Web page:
The Players Stadium Course at TPC Sawgrass was built specifically for fan excitement, and it has certainly delivered.
Most years the Players has come down to the wire, and the final three holes constitute one of the most dramatic finishes in all of golf.
Water lurks on every part of the stretch and threatens to kill off even the most comfortable of leading margins.
Even in the championship's relatively short history, a long list of dramatic conclusions exists.
So, which of these finishes are really the best?
No list would ever be completely definitive, but looking at all of the factors, these are the 10 candidates that best fit the description.
Maybe this year's final round will be an exciting one, but it will have to do a lot to live up to any of the awesome finishes that make up this list.
The 1987 edition of the Players was the first time the Stadium Course saw a playoff, and it was anything but ordinary.
Sandy Lyle, who finished well before the final group, was unlikely to find the winners' circle as he walked off the 72nd green.
Players faltered, though, and about an hour after he finished, Lyle found himself in a playoff with Jeff Sluman.
On the first hole of sudden death, victory again looked far from Lyle's grasp. The Scot holed out for a solid par on the dangerous 17th, but with Sluman six feet from the hole for birdie, the tournament was seemingly over.
Then something strange happened.
As Sluman lined up over his putt, an overzealous fan, for reasons still unknown, jumped into the water! The peculiar action forced Sluman to back off his putt and wait for the commotion of the guards whisking the fan away before he could finish.
After all of that was over, Sluman attempted to regroup and focus in on this tournament-clinching stroke. But the distraction had taken its toll, and when he finally hit the little putt, he couldn't find the bottom of the cup.
The demoralized Sluman proceeded to bogey the 18th and allow Lyle to make an easy par to take home the title.
Despite the anticlimactic end to the playoff, all of the action on the 17th made it impossible to keep this tournament off the list.
A difficult TPC Sawgrass course greeted players in 2008 and saw a talented young player walk away with the trophy.
Sergio Garcia, 28 years old at the time, survived the tough conditions and put himself just one step away from that long-awaited first major championship victory (back in the day when people were still certain Garcia was destined to win a major).
Unfortunately, Padraig Harrington got in the way that August—at least Garcia didn't blame the gods for that loss though—and four years later Garcia still has nary a major championship to his name.
Nonetheless, a victory at Sawgrass was one of great importance to Garcia, who hadn't won in his 53 previous PGA Tour starts.
It was far from easy though.
Down one on the 18th, Garcia was left with a seven-footer for par to have any chance at a playoff. With the tension so great, especially with Garcia's weakness in the putting department, the Spaniard drained it and could only wait and watch.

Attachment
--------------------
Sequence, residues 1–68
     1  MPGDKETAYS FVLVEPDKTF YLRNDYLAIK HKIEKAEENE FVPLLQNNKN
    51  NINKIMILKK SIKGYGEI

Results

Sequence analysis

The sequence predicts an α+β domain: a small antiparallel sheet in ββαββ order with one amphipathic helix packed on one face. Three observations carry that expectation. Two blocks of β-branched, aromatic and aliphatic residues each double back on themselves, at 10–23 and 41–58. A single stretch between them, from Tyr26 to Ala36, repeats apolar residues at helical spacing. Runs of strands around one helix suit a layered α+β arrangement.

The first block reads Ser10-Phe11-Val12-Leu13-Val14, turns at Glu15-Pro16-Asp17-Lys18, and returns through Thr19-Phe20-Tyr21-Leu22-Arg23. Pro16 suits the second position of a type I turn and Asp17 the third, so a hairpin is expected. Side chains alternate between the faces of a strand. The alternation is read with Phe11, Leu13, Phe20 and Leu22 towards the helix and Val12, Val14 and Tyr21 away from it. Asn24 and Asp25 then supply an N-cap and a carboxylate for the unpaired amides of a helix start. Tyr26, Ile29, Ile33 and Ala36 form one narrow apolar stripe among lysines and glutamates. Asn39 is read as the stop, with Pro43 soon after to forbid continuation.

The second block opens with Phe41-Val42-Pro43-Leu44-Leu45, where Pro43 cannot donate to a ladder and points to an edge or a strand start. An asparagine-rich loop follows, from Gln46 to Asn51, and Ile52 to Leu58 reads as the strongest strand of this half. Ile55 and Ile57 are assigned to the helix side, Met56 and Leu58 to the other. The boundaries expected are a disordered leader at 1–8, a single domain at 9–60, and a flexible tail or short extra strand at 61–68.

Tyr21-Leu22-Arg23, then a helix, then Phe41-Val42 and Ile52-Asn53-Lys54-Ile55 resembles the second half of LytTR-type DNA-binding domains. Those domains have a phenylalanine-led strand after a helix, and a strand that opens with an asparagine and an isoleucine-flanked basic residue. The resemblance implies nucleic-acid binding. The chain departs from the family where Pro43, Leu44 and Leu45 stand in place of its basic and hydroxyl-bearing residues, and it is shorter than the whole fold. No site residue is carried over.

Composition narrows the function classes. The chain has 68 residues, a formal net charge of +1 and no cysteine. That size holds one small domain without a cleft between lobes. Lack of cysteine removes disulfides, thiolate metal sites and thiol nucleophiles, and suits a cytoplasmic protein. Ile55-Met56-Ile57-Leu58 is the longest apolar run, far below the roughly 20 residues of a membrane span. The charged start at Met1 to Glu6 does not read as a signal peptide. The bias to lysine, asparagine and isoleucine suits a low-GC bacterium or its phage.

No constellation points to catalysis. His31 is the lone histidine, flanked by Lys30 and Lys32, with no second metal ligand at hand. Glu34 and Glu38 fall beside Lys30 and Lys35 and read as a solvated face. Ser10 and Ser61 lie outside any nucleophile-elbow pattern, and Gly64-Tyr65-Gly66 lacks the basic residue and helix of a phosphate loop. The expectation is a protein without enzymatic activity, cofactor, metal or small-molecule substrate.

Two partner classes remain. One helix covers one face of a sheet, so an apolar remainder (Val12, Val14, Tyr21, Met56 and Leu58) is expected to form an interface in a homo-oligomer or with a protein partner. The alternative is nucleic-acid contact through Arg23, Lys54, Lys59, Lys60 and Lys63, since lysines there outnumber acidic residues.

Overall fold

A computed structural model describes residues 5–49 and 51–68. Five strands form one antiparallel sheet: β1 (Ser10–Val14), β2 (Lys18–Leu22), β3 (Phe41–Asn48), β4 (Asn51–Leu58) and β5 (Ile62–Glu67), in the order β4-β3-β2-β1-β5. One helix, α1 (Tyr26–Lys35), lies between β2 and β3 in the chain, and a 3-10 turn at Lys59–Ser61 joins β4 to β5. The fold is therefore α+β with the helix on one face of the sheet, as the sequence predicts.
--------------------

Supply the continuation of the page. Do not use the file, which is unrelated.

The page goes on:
A quirky journeyman pro named Paul Goydos (whose sense of humor captivated the public that week) came to the 18th green needing a par for victory and had at least a decent look at it.
Just 15 feet from the hole, Goydos had the chance of a lifetime, but couldn't take advantage, allowing Garcia to avoid elimination for a second time.
Garcia used his final-hole momentum to stuff his tee shot on the first playoff hole (the 17th) to four feet and secure the victory.
So with all that, why does this finish only find itself ninth on the list?
Well, the playoff was anticlimactic to say the least. Goydos hit first and dunked his ball into the water, leaving Garcia an easy opening and an easy sudden-death win.
The tournament still did provide a great duel over the final holes, and if not for Goydos' slip on 17, the 2008 Players could be much higher on this list.
Perplexingly, Phil Mickelson had yet to win a Players Championship in his illustrious career going into 2007.
A change in swing coach made all the difference.
Ironically it was Butch Harmon, the former swing coach of Mickelson's greatest rival Tiger Woods, who put an end to the drought.
In just a few weeks, the expert swing instructor put Mickelson's ball-striking on track, and his game flourished at Sawgrass.
The lefty played brilliantly over the first three rounds and sat just one stroke behind a young talent named Sean O'Hair heading into the final round.
The elder Mickelson pounced on the inexperienced O'Hair in the final round and held a two-shot lead going to the precarious 17th hole.
It was now do-or-die time for O'Hair, and he wasn't going to back down. With Mickelson in the middle of the green and up two, O'Hair faced one of the most pressure-packed shots in golf.
He had to aim directly at the flag on the far right portion of the green. If his shot drifted even a couple yards right or his yardage was a couple yards off, his ball was in the water.
A nine-iron in hand, O'Hair prepared to hit the tournament's most important shot.
The ball looked good in the air and O'Hair thought it was all over the pin. It looked like the ball might finish just a few feet from the pin.